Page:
With the genesis of the Overwatch League upon us within a few short days, Winston’s Lab has finally pull together their statistics from the Overwatch League Season 1 Preseason. Here are just a sample of some of the colorful and interesting statistics that have come up during the event.
If you would like to follow along or would like a query to the statistics in question, click here: [stats]
Disclaimer: Preseason stats are not for the faint of heart. Side effects may include; nausea, heartburn, swelling, loss of ego, increased appetite, fluctuating bank statements, indigestion, and death. Consult your doctor to see if Preseason stats are right for you.
Acronyms: PTK = Percentage of Team’s Kills. K/10 = Kills per 10 minutes. FK = First Kills of a teamfight. TTCU = Time To Charge Ultimate. Percentages in parentheses mean how much better/worse a player performed compared to the average player on that hero.
— Sleepy and the San Francisco Shock lost 60% of their fights, but while playing Zenyatta, Sleepy still managed 15.7% (+35%) PTK, 5.64 (+30%) K/10, and 8.7% (+55%) FK! If San Francisco can refine their strategy down a bit more, they’ve got some serious firepower on this team – and it’s coming from all angles. What is a bit odd is that Sleepy’s TTCU is oddly low to average, coming in at 88 (-6%). It seems like he is finishing a lot of eliminations, rather than outputting a ton of damage. It will be interesting to compare Sleepy’s statistics from the beginning of the Season towards the end of Stage 4, but thus far he has been a standout player on San Francisco for my money.
— It should not surprise you that Seoul Dynasty’s Bunny has graced this article. Rounding out a great Preseason, Bunny racked up a 28.3% (+110%) FK with approximately 44 minutes on Tracer! Within his first few Overwatch League games, he seriously has become the spear of the Seoul Dynasty.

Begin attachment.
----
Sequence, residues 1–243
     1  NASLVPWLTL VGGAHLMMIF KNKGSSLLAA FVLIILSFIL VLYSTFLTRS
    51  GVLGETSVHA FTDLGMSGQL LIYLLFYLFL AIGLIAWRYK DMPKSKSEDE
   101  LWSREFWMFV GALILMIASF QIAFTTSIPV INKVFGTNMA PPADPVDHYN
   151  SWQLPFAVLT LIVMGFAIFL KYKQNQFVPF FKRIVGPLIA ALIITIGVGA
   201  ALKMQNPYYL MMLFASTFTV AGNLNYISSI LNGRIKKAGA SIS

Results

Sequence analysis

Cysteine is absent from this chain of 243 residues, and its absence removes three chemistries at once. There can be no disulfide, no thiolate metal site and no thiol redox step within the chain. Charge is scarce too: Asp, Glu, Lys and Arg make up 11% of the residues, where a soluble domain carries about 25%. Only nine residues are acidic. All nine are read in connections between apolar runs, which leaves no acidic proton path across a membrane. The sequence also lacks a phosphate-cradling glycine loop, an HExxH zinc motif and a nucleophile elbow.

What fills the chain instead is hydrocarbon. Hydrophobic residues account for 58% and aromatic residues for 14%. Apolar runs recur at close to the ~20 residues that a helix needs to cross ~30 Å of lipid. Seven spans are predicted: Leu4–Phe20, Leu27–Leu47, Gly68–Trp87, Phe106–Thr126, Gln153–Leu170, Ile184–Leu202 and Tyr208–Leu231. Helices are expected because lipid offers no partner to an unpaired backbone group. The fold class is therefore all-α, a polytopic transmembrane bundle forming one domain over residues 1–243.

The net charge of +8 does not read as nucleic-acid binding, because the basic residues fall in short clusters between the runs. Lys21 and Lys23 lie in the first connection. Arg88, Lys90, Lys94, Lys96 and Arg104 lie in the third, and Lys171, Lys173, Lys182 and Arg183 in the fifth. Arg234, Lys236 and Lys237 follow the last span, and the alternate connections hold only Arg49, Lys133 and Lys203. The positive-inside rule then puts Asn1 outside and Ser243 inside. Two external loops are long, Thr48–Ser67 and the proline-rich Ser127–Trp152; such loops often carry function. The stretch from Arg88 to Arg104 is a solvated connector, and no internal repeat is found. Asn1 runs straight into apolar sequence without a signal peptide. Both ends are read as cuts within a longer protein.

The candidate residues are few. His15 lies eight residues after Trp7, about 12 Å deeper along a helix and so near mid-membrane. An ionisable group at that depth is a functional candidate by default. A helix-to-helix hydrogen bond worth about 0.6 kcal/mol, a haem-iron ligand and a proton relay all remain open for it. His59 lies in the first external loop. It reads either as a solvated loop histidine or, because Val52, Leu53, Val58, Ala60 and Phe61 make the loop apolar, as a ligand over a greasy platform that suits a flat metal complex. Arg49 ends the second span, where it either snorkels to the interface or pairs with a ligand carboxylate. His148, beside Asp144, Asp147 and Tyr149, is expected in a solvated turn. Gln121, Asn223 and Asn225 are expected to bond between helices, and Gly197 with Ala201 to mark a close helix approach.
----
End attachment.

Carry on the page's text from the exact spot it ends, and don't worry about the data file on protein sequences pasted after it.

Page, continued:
— Los Angeles Valiant and the London Spitfire’s sub-tanks Fury and Envy have both proven to be quite the interchangeable duo. Both Fury and Envy did well on D.Va, while Envy’s Roadhog separates the two. If you take into consideration while Envy was playing the Valiant lost more fights, on average, it makes his performance that much better. That being said, if both teams can harness that kind of potential in the right direction, these sub-tanks could become major factors in making their teams’ a contender for the playoffs.
— Another flex support to keep your eyes on is Shaz from Los Angeles Gladiators. 15.8% (+36%) PTK and 5.6 (+29%) K/10 round out a solid LAN performance from the Finn. Again, Shaz also follows this train of having a solid to above average performance, but only has a win rate of 44%. What are these stats going to look like when they win?
— Diya from the Shanghai Dragon’s had a massive game on McCree, but alas the Dragon’s could never seem to keep the flame lit. However, Diya racked up a massive 34.7% (+36%) PTK, 11.55 (+14%) K/10, 6.93 (-17%) D/10, and 5.08 (-10%) Ults/10! Seeing how Shanghai’s other DPS star Undead was nowhere to be seen in the Preseason, I worry that Shanghai will be a bit too one dimensional when it comes to offensive threats. I don’t want to speak for Diya, but having this kind of consistent McCree performance is a bit of a stretch.